Computational Spectral Imaging: Theory Algorithms and Fundamental Performance Limits
Spectral imaging, the simultaneous imaging and spectroscopy of a radiating scene, is a fundamental diagnostic technique in the physical sciences with widespread application. The limits of the attainable temporal, spatial, and spectral resolutions of conventional spectral imaging techniques are imposed by their reliance on purely physical measurement systems such as two-dimensional detectors which are intrinsically limited in capturing inherently three-dimensional data. On the other hand, recent developments in computational spectral imaging techniques offer the prospect of transcending these physical limitations by combining information from different multiplexed measurements and/or by incorporating additional prior (statistical) knowledge (in the form of spatial and spectral distributions) about the objects of interest into the image formation process.
The overarching goal of the proposed research is to develop a class of novel spectral imaging techniques to overcome the temporal, spectral, and spatial resolution limitations of conventional spectral imaging systems. Each development is based on the computational imaging paradigm, which involves distributing the spectral imaging task between a physical and a computational system and then digitally forming images of interest from multiplexed measurements by means of solving an inverse problem. The development of each computational imaging technique requires the following three steps. First, a novel optical system is designed with the goal of overcoming the resolution limitations of conventional systems. Second, the associated inverse problem for image reconstruction is formulated by combining multiplexed measurements with an image formation model based on an estimation-theoretic framework. Third, computationally efficient algorithms are designed to solve the resulting nonlinear optimization problems.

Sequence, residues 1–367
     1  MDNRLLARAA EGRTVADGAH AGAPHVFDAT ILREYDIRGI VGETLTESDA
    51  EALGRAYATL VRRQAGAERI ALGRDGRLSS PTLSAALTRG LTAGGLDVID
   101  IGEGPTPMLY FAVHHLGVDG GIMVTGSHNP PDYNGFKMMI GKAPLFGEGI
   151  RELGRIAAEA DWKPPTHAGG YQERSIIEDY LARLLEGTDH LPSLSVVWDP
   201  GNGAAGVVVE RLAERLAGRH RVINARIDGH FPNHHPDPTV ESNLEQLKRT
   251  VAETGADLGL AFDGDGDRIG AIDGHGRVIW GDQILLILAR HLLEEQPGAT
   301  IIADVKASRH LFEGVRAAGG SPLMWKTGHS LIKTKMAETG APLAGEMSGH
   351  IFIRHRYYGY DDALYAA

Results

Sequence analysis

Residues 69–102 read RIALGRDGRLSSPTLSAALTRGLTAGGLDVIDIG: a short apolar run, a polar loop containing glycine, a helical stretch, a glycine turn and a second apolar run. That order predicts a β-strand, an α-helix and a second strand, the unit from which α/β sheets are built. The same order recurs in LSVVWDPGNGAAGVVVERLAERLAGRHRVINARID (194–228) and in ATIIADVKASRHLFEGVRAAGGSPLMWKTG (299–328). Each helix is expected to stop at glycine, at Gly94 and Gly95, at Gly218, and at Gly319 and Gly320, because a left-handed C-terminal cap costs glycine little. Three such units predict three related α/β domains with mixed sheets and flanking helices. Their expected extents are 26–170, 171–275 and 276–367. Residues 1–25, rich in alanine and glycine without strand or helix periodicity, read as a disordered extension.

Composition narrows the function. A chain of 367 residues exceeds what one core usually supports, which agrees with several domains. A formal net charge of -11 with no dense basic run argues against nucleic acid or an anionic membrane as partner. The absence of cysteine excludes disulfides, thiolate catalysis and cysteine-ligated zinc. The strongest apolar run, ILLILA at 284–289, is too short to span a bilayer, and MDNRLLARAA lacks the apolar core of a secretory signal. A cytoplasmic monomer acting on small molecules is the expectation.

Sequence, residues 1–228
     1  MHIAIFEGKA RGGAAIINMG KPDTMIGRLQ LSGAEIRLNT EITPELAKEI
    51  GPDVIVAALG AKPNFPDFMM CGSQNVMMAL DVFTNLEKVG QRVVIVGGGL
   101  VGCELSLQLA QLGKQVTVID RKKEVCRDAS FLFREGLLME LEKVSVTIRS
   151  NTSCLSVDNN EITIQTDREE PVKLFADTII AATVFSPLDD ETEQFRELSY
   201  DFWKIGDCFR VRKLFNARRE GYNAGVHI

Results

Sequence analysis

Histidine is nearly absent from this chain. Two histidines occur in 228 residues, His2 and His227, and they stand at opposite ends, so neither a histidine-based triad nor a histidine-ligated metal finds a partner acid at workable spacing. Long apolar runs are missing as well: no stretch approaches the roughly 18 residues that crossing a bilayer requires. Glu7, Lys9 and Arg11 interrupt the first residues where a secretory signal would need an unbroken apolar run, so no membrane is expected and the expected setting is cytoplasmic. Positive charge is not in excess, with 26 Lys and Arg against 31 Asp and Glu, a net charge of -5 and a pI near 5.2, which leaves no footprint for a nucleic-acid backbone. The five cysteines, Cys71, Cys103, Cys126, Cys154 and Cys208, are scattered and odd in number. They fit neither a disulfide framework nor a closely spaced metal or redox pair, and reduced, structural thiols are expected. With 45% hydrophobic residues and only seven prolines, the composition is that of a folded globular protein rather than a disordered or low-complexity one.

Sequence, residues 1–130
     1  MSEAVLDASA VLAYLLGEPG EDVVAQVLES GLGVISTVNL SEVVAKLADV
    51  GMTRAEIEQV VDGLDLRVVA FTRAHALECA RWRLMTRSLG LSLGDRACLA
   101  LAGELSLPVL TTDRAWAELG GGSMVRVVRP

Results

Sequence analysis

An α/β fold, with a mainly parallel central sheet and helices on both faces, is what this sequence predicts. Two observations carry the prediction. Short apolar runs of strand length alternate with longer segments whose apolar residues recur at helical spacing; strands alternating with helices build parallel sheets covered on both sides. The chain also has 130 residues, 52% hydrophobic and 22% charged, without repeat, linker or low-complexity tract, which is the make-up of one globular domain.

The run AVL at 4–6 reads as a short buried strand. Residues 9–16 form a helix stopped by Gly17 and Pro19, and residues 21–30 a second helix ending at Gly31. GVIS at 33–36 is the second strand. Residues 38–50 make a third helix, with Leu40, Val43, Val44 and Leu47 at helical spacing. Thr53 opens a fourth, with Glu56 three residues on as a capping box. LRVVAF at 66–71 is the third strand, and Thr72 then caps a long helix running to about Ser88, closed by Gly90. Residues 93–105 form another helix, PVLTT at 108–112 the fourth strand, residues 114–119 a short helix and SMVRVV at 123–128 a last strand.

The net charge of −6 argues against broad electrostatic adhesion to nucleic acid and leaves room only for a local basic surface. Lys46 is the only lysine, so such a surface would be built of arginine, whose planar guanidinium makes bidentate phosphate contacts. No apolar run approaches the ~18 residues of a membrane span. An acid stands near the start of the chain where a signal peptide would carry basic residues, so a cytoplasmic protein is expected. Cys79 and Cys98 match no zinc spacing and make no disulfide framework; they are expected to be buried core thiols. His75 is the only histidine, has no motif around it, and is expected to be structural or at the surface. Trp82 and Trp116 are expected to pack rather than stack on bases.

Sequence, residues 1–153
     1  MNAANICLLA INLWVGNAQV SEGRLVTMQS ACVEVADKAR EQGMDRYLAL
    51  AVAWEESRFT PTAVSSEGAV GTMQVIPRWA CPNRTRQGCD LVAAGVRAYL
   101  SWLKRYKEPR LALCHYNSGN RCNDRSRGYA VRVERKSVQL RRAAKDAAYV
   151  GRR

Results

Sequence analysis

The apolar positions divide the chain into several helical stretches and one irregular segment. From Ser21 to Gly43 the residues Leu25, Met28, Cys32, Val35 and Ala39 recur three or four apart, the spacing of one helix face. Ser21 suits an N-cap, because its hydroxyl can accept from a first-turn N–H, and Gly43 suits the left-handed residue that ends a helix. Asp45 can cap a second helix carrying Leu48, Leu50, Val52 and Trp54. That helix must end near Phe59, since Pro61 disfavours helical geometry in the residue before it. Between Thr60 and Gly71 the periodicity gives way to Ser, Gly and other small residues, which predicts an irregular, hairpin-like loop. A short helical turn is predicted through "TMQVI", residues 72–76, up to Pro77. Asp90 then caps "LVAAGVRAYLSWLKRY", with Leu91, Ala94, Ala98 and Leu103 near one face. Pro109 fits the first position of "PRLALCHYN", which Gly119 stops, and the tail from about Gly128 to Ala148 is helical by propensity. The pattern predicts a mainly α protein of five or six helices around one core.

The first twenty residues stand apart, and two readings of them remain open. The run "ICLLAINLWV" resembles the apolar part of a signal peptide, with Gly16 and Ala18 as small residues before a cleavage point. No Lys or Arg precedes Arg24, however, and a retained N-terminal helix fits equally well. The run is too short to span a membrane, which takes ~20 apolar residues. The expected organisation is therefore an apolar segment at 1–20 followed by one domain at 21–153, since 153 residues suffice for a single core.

Since an inversion is required for the reconstruction of the spectral imaging information from incomplete and imperfect measurements, a rigorous theory is essential for quantitative evaluation of the performance of the techniques. Therefore, in addition to the development of each technique, Professor Kamalabadi aims to attain fundamental performance bounds in order to characterize the estimation uncertainties and quantify performance limits, as well as to attain insights that would guide optimal system design. Finally, he plans to investigate and illustrate the effectiveness of the proposed computational spectral imaging techniques in applications involving remote sensing of space plasmas in general, and the solar atmosphere in particular. With the emerging trend toward distributed sensing from diverse platforms, it is anticipated that such novel approaches to spectral imaging will have a profound and timely impact on many sensing applications.